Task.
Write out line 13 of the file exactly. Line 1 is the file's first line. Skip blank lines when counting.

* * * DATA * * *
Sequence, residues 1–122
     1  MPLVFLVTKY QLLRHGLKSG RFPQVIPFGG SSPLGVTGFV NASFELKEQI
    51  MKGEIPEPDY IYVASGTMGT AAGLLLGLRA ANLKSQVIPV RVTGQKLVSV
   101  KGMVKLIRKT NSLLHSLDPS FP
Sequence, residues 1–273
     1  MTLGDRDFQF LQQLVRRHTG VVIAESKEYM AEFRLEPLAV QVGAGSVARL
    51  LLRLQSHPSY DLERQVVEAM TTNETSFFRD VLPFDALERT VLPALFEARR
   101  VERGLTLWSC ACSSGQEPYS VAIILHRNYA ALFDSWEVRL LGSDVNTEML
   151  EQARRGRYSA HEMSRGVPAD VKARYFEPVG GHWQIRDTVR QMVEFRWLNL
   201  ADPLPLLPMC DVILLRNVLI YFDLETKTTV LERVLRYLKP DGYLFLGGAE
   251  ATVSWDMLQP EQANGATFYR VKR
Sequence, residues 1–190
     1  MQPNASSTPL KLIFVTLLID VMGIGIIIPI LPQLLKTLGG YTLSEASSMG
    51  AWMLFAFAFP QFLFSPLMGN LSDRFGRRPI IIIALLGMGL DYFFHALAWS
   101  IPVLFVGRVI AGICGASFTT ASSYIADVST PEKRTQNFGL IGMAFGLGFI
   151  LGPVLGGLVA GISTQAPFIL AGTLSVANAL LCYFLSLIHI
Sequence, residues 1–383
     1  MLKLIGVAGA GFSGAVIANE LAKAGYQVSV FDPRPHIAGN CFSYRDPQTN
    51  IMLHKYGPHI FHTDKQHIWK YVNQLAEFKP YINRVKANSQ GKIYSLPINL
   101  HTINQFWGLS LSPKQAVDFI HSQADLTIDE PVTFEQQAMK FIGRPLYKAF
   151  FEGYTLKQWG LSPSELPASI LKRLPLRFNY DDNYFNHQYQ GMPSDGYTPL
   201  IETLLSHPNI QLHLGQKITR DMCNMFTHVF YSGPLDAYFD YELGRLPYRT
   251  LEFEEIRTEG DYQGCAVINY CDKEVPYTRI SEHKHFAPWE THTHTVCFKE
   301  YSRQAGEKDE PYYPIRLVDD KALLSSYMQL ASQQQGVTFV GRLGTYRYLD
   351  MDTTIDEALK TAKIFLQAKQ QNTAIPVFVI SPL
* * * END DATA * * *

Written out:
     1  MQPNASSTPL KLIFVTLLID VMGIGIIIPI LPQLLKTLGG YTLSEASSMG